This study uses the decision tree framework to analyse possible climate change impact adaptation options for pangasius (Pangasianodon hypopthalmus Sauvage) farming in the Mekong Delta. Here we present the risks for impacts and the farmers' autonomous and planned public adaptation by using primary and secondary data. The latter studies showed that a proportion of the pangasius farms located in the coastal provinces will be affected by salinity intrusion in the dry season. Options to adapt to this are: modify pangasius farming practice, stock other species or stock saline-tolerant pangasius. With research and extension support, farmers can further improve their already adapted practice to deal with salinity or use water recirculation systems for prolonged nursery rearing. A breeding program for saline tolerant striped catfish requires a medium-to long term investment (0.4 % of the production cost) from government and/ or private company. Pangasius farms in up- and mid-stream regions and in coastal areas, which are not located within upgraded government dyke-protected areas, will be affected by flooding at the end of each rainy season. This implies an increased cost for dykes to about 0.34% and 0.25% of the total variable costs for one harvest per ha in the up- and mid-stream regions, and in the downstream region, respectively.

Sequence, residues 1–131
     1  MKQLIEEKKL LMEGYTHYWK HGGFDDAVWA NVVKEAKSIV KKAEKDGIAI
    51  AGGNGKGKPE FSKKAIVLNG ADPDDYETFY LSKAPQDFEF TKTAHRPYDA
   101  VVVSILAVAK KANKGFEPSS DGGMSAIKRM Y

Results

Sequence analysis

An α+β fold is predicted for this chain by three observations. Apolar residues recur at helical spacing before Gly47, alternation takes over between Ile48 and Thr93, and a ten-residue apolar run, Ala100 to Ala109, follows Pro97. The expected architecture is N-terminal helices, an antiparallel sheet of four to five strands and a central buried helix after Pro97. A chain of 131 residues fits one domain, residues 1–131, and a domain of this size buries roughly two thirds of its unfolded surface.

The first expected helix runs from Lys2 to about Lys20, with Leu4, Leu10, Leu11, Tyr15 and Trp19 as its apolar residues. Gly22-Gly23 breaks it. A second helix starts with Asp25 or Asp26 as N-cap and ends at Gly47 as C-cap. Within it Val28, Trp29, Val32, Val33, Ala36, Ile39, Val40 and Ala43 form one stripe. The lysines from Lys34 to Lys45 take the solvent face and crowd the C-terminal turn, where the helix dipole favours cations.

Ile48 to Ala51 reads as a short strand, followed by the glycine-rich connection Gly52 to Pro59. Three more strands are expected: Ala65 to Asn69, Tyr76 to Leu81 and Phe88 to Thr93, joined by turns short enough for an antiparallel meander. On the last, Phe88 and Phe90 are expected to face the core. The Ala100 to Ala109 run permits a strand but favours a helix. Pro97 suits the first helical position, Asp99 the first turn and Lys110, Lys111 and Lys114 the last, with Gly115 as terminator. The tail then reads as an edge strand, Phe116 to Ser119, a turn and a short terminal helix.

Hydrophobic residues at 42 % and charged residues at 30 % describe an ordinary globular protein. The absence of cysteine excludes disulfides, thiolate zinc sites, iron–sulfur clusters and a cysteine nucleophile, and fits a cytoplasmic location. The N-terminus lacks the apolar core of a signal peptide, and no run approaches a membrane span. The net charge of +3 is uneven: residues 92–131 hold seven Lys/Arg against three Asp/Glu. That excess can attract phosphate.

|Publication status||Published - 2016|
Nguyen, L. A., Verreth, J. A. J., Leemans, H. B. J., Bosma, R. H., & De Silva, S. (2016). A Decision Tree Analysis to Support Potential Climate Change Adaptations of Striped Catfish (Pangasianodon hypophthalmus Sauvage) Farming in the Mekong Delta, Vietnam. Tropicultura, 34(Special), 105-115.